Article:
With my wife's condition we would see a specialist once a year who would monitor her condition, perform a battery of tests, inform us of the latest research in the field, and assist the doctor in new experiments and studies. There is currently no cure for the condition, but it was helpful to track it and aid in the research.

$18,000/year goes to our insurance provider with a strong chance they pay for almost nothing.

Today, if my kids get sick there is a debate about taking them to the doctor. Is it worth it to pay $100 if one has a fever? Will the pediatrician do anything if you go in? When my 3 year old ate a rubber band and started complaining about stomach pain we tried to have her tough it out for a while. When she continued to complain we brought her to the pediatrician ($100) who did nothing but tell us to go get x-rays ($$$$) which came back fine. When she hurt her ankle a month or two later, same deal. When my 8 month old bonked her head, my wife rushed her to emergency care ($$$$). When it was suspected that I had the flu, I didn't want to go see anyone but had to due to the baby which could cascade into more cost. Even though I pay over $15,000/year for insurance, none of this stuff, including prescriptions, is covered until I've paid $3,000 out of pocket for the year. 

Knowing that there is no cure for my wife's eye condition, we stopped seeing a doctor for it. When she went in to her normal eye doctor for new glasses, something that traditionally is covered once a year, she found that the coverage was reduced to $5 for the visit. Seriously. $400 out of pocket later she had her exam and new lenses and glasses. Not really an optional expense. We now let her degenerative condition go unchecked and can no longer contribute to the research.

Everything I just described is pretty routine. $18,000/year goes to our insurance provider with a strong chance they pay for almost nothing. Speaking to my friends and family recently, their employer provided coverage has shifted to this model as well, resulting in crippling costs and reluctance to seek medical care.

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Comparisons and Perspective

We purchase health insurance to protect ourselves and our families from a serious accident or medical condition. In the worst cases, insurance will be a lifesaver. In the more common case, it will stretch insurance provider profits into the tens of billions per year. Comparing health insurance to other types of insurance shows just how large the gap in cost vs. benefit is.

My car insurance is $74/month and gives me $50,000 in personal injury protection, $50,000 in bodily injury or property damage protection, and even $50,000 in uninsured driver coverage. The uninsured driver coverage is basically a subsidy in the same way that the affordable care act subsidizes health care for those that can't afford it - a primary reason for rate hikes by insurance providers. All of that for $74/month.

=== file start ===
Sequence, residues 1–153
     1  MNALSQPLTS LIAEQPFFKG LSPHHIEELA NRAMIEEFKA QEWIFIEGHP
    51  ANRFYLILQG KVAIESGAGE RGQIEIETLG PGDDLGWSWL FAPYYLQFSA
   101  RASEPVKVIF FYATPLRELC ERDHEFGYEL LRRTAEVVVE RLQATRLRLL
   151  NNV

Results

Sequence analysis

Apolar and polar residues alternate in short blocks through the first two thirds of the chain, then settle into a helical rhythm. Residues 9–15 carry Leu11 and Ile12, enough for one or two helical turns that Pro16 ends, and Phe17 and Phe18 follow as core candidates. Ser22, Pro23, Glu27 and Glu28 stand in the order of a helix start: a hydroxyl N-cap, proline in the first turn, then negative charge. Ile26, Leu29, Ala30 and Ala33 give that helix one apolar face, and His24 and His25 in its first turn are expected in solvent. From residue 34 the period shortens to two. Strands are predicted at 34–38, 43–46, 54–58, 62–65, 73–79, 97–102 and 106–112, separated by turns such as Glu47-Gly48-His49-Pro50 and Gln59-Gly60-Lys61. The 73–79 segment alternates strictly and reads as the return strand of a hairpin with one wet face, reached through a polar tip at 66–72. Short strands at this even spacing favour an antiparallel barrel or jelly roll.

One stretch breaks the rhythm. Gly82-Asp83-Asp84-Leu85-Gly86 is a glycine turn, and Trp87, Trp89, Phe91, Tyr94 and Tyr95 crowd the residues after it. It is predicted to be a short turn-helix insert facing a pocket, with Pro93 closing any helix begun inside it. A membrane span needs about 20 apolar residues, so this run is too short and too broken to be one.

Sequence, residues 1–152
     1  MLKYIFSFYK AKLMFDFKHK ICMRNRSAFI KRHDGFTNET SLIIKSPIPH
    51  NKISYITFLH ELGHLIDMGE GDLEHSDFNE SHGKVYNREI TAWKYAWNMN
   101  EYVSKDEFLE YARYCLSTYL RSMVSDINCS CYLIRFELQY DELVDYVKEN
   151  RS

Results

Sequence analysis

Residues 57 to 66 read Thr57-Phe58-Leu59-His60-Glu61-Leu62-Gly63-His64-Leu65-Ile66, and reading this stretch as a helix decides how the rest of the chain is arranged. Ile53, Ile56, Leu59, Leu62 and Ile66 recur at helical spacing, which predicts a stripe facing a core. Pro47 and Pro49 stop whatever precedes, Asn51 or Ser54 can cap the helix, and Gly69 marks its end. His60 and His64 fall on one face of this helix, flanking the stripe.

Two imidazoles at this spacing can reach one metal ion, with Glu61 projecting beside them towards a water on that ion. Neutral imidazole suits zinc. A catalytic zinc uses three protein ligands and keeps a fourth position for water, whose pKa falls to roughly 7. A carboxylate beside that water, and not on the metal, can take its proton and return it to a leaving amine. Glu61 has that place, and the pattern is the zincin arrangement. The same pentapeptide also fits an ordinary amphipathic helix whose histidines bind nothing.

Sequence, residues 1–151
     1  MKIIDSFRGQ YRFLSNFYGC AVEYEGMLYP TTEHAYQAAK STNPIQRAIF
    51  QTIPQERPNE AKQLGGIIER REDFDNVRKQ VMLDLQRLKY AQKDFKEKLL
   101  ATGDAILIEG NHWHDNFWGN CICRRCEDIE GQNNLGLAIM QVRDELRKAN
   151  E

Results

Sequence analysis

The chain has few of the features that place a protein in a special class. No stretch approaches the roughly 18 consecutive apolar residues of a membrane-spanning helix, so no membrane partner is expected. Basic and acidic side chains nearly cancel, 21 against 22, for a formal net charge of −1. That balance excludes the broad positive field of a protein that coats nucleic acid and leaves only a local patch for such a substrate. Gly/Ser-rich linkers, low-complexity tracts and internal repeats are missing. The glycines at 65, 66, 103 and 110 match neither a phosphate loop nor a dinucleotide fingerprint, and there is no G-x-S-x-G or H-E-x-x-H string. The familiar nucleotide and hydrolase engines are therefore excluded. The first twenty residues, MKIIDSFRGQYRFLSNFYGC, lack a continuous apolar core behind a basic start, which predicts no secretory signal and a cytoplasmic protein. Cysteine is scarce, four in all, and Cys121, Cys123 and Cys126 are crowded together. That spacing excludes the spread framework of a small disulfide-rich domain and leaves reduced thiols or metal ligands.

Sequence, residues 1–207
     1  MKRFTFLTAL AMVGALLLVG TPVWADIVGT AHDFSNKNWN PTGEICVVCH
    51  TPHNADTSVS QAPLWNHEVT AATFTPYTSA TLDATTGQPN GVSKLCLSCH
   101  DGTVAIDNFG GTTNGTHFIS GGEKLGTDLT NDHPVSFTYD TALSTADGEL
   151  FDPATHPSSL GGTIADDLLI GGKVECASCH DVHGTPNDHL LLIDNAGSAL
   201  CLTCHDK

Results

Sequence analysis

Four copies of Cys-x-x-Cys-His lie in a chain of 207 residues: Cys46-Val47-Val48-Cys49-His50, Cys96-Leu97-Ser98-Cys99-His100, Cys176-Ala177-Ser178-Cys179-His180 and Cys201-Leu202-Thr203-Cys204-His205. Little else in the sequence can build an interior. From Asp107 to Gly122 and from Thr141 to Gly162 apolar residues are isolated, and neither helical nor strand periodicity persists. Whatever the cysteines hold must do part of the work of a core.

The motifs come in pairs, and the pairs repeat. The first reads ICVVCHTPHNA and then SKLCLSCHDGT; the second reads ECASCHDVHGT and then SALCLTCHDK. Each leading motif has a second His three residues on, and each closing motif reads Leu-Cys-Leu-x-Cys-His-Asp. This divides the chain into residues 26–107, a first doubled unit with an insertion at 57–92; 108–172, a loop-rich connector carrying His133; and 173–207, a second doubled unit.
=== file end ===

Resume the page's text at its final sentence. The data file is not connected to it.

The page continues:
My homeowners insurance is $110/month for $1,000,000 in coverage which includes $100,000 toward personal injury. And they actually pay out claims.

I have a $500,000 life insurance policy that costs $38/month.

Health + Dental: $1,600/month (with deductible)


Health insurance has always been expensive but it used to be something I didn't worry about. I knew that as long as I had it, I would pay a small co-pay and I would be covered. We'd go to the doctor when we were sick, we'd get emergency treatment when we broke something, we'd monitor our unavoidable conditions - we'd take our kids in routinely. Now we avoid the doctor whenever possible and deal with multiple weeks of whatever new illness the kids bring home from daycare.

When you have health insurance and you can't afford to go to the doctor, something is broken.

If purchasing health insurance is mandatory at the federal level, shouldn't oversight be a priority as well? Insurance companies should have a maximum level of profit they're able to attain before they need to issue refunds or adjust rates.  I don't mind kicking in to help subsidize those who can't afford insurance, but if I have to pay more, I don't want it to be for record profits at some insurance company. 

Health care has lost it's intended purpose. It's no longer about promoting health and preventative maintenance. It's about maximizing profit and keeping the marginally ill away from seeking medical attention. On the care provider side (hospitals, pediatricians etc.) It's about bringing in the high dollar patients, not an infant with a 105 fever or a woman with an incurable condition. 

The jarring change across the board for every plan at every insurance provider we have to choose from at the same time reeks of collusion. And we have no choice but to pay an amount similar to a mortgage payment each month for the privilege of not going to the doctor.